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Anatomy Tutoring in Washington DC

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Experience Anatomy tutoring by highly credentialed tutors in Washington DC. Top tutors will help you learn Anatomy through one-on-one tutoring in the comfort of your home, online, or any other location of your choice.

Selected Washington DC Anatomy Tutors

These highly-credentialed Anatomy tutors in Washington DC are uniquely qualified to help you. They have attended institutions including MIT, Stanford, UChicago, Yale, Harvard, UPenn, Notre Dame, Amherst, UC Berkeley, Northwestern, Rice, Columbia, WashU, Emory, Brown, Johns Hopkins, Vanderbilt, UNC, Michigan, UCLA, and additional high-caliber institutions.

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Undergraduate Degree:
Washington University In St. Louis - Psychology

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Undergraduate Degree:
Brown University - Human Biology & Africana Studies

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Undergraduate Degree:
Brown University - Human Biology

How your tutor helps you master: Anatomy


Your personal learning style and needs will be assessed by our educational director to ensure your key Anatomy goals are met.


Your Anatomy tutor will quickly assess your proficiency with the material, and identify areas for improvement.


The tutor you select will create a unique curriculum to help you master your objectives.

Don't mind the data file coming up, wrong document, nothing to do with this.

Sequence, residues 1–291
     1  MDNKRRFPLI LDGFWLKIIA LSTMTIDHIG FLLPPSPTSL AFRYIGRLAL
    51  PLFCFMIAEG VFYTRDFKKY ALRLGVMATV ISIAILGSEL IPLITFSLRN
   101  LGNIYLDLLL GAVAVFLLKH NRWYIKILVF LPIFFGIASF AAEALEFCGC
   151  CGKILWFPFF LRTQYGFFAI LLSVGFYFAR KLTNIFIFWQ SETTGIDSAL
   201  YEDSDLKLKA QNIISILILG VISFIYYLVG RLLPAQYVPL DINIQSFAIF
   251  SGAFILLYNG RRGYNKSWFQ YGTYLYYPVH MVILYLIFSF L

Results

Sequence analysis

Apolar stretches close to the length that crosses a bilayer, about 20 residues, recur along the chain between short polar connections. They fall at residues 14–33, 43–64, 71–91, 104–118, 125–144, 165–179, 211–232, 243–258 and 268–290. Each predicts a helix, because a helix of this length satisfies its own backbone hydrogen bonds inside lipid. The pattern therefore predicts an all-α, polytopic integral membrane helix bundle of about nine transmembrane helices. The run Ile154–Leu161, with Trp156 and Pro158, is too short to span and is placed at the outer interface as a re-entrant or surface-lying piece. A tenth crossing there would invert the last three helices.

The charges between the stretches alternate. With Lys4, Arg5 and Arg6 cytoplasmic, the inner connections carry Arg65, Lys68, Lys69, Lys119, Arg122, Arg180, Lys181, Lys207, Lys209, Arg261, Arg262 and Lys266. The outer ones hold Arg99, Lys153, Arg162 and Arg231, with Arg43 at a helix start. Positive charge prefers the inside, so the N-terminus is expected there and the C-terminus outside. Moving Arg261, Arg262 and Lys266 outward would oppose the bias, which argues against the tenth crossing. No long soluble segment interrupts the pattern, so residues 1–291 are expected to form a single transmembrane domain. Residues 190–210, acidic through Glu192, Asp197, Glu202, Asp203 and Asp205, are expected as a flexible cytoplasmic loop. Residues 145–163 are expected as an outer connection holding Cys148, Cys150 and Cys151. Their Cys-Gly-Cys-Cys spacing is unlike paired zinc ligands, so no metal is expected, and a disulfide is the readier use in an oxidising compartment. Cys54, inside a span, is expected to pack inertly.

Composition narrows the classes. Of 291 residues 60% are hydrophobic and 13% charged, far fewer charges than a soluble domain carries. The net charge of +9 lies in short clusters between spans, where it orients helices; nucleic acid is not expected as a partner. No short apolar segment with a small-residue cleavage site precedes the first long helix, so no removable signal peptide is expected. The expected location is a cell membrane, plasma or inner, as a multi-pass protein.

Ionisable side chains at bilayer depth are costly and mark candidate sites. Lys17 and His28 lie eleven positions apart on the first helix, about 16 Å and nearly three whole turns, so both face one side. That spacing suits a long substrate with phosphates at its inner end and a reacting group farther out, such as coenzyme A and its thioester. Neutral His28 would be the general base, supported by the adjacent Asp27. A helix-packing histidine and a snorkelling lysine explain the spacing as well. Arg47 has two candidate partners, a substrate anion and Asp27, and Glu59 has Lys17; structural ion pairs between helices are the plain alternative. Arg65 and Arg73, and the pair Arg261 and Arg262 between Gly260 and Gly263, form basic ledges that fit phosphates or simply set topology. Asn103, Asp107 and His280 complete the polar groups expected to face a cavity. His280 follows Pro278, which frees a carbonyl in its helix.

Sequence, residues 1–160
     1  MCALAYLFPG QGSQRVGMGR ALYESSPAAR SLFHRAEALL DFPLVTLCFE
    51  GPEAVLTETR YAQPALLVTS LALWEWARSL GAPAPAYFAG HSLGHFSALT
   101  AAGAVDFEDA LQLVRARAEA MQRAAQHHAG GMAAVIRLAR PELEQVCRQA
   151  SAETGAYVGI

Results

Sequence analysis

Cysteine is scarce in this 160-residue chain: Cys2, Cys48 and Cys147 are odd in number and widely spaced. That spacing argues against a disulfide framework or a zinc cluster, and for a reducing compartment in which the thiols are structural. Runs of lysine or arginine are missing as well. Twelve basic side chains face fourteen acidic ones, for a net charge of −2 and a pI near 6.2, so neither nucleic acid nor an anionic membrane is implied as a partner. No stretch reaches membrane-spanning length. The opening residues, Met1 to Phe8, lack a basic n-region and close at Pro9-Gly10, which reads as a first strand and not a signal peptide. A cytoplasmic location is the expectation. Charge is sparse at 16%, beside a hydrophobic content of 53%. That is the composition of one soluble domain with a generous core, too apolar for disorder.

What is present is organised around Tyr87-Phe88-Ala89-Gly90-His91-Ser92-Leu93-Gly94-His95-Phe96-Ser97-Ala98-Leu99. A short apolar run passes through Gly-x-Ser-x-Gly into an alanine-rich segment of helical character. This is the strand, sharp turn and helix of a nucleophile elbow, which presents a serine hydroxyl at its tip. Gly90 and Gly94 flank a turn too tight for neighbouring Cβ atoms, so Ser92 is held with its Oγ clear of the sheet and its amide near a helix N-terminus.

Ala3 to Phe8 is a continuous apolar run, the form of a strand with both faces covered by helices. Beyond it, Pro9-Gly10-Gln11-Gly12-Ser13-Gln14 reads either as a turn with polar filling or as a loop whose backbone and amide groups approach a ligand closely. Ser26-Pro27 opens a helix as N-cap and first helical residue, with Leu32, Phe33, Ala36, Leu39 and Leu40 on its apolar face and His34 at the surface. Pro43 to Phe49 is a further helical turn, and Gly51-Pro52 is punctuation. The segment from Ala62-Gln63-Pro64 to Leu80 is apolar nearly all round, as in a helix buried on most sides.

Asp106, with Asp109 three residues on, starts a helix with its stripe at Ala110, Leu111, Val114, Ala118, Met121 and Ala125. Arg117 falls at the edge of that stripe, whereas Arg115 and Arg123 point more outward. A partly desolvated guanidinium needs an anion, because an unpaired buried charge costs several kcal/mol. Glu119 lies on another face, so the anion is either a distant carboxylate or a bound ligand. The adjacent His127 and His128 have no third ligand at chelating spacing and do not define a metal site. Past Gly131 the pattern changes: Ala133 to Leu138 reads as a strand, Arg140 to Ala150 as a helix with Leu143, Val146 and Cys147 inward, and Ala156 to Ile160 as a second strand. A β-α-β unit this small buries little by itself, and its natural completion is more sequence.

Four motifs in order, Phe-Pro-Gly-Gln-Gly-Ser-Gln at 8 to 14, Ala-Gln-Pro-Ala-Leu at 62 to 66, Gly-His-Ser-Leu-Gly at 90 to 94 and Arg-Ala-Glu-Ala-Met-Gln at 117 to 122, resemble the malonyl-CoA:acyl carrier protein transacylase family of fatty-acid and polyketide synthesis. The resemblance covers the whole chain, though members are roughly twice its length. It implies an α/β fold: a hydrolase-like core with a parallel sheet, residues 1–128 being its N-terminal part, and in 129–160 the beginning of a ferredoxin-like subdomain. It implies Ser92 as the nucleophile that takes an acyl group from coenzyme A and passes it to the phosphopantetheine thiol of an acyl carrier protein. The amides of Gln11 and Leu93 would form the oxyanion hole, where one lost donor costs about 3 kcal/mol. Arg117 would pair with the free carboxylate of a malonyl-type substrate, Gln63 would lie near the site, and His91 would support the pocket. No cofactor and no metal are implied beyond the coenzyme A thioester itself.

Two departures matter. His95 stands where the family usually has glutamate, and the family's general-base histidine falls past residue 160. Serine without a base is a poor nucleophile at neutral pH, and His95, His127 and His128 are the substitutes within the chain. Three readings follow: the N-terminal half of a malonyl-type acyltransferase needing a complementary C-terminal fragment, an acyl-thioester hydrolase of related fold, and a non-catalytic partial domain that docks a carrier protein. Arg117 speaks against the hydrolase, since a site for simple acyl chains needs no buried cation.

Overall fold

Recent Tutoring Session Reviews

During our session, the student and I began looking at the central dogma of genetics which includes transcription and protein translation. Our discussion involved mentioning and explaining the different types of biological molecules that play roles in these processes. Since we did mention some of these ideas in our first semester, he did have a slight understanding of these processes heading into our session. This background information was very helpful and he was able to pick up and assimilate these ideas without any major problems. Before our session ended, I quizzed him on some of these ideas and I'm proud to say he understood them very well.

The student and I finalized his work on his online assignments. We reviewed photosynthesis also and detailed the process for protein synthesis, two sections he said he had either not reviewed in awhile or was less comfortable with. Since he had mentioned he didn't feel the most confident taking tests at the end of the session, we went over some test taking strategies and hints for reviewing for his larger exam.

The student and I reviewed the parts of a cell (Chapter 3) including the structure and function of the cell membrane and all of the major organelles. We then moved into chapter 4 where we discussed reactions, enzymes, and active vs passive transport.

Reviewed material for upcoming test over heredity and genetics. Had the student practice making and solving genetic models (Punnet squares, dihybrid crosses etc.), starred terms I felt he needed to go back over as his explanations were lacking or he was unable to explain them at all. Held off on talking about specific genetic diseases as he was covering them Friday and possibly Monday.
Algebra - Reviewed material relating to graphing functions and then altering them via stretches and shifts and what the resulting graphs and data tables would look like.

We went over genetics today, Gregory Mendel and his experiments, dominance, probabilities, Punnett squares, and also variations in inheritance (incomplete dominance, co-dominance, etc.). The student seems to grasp these concepts pretty well.